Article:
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Thursday, May 30, 2024

Brende condemns latest hostage killing

Norwegian Foreign Minister Børge Brende condemned the “liquidation” of Canadian hostage Robert Hall in the Philippines on Monday. Hall was being held along with three other hostages including his Filipina partner, another Canadian who was killed earlier and Norwegian Kjartan Sekkingstad.

Foreign Minister Børge Brende condemned the terrorist attacks in Turkey and the Ivory Coast on Sunday. PHOTO: Utenriksdepartementet
Foreign Minister Børge Brende condemned the reported execution of another Canadian hostage who was being held along with a Norwegian, Kjartan Sekkingstad, and Marite Flor of the Philippines. PHOTO: Utenriksdepartementet

Canadian Prime Minister Justin Trudeau all but confirmed the death, saying he had “reason to believe” Hall, age 50, had been killed by his captors. CBC News in Canada had also reported the death, citing sources on the Philippine island of Jolo and Philippine security sources.

Brende claimed Norwegian officials, who’d been working closely with their Canadian counterparts, would “continue the efforts to find a solution for the remaining hostages.” They now include just Sekkingstad, from Sotra on the west coast of Norway, and Marites Flor, Hall’s partner.

Hall’s 68-year-old fellow Canadian John Ridsdel was found dead on the island of Jolo on April 25, after a deadline for paying ransom had run out. Sekkingstad told a local newspaper, which had been allowed to interview the hostages, that Ridsdel had been beheaded.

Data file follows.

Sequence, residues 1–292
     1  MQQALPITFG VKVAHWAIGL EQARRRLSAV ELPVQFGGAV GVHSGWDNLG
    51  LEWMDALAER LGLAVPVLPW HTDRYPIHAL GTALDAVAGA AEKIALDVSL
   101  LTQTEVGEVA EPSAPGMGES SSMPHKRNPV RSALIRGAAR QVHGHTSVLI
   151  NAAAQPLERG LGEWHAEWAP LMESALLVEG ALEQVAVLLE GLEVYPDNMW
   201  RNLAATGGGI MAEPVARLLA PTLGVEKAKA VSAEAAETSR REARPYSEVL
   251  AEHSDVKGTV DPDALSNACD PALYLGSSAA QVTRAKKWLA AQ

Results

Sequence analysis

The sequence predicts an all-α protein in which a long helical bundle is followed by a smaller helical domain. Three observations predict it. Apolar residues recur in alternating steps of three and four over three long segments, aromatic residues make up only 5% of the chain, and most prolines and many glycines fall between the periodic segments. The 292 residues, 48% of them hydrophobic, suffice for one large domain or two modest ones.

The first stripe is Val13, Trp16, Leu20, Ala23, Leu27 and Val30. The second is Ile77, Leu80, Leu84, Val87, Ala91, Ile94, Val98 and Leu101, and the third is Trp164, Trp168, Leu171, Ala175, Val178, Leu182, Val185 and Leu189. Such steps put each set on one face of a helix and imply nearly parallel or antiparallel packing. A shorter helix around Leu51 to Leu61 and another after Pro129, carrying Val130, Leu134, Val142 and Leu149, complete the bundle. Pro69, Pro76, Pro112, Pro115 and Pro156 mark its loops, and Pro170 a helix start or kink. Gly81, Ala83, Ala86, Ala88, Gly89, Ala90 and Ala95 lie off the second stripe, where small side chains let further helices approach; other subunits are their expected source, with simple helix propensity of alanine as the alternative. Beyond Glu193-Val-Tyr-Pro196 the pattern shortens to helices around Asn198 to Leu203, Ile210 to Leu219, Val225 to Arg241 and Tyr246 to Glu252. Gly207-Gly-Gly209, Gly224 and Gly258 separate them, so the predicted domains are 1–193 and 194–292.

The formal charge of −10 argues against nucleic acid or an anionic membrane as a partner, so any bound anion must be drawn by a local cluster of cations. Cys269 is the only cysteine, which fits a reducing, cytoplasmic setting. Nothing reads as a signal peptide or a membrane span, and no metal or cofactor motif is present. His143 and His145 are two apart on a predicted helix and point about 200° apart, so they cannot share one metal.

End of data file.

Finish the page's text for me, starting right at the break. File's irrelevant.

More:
All four hostages were kidnapped from a yacht club in the southern Philippines on September 22. The Islamic terror group Abu Sayyaf later claimed responsibility and has demanded ransom amounting to around NOK 100 million for each of the hostages.

Neither the Norwegian nor the Canadian government will pay ransom as a matter of principle, and their families are unable to pay such large sums. All the hostages have issued videos, likely at the prodding of Abu Sayyaf, where they have pleaded for their lives. Flor also issued an appeal through the local Inquirer newspaper to the Philippiines’ newly elected president Rodrigo Duterte, saying she was the only one who could understand what their captors were saying “and I hear that they plan to behead us.”

Norway’s embassy in Manila won’t comment further on the situation. Sekkingstad reportedly was allowed to call his brother in Norway Sunday night. Sekkingstad had lived abroad for at least 15 years and was manager of the Oceanview Resort and Yacht Club on the island of Samal when he was seized along with the three others last fall. staff



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